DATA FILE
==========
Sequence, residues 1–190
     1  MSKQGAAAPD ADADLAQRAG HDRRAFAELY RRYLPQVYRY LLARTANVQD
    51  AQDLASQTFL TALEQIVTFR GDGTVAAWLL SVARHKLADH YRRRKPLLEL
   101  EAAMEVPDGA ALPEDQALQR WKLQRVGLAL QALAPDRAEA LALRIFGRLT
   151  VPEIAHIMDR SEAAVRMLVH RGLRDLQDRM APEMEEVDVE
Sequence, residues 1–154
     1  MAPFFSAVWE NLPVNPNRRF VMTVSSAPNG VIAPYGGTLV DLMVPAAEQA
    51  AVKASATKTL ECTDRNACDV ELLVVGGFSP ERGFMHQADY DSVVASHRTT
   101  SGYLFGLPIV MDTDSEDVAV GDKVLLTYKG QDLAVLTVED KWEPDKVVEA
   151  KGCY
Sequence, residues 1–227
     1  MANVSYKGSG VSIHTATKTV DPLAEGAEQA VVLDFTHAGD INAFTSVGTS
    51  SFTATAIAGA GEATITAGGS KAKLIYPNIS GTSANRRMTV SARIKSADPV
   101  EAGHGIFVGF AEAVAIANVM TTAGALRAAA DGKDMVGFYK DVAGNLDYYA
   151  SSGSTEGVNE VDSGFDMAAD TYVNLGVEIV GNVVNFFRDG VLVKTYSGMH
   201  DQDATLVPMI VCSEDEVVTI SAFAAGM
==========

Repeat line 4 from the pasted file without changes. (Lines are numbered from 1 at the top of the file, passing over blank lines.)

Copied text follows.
   101  EAAMEVPDGA ALPEDQALQR WKLQRVGLAL QALAPDRAEA LALRIFGRLT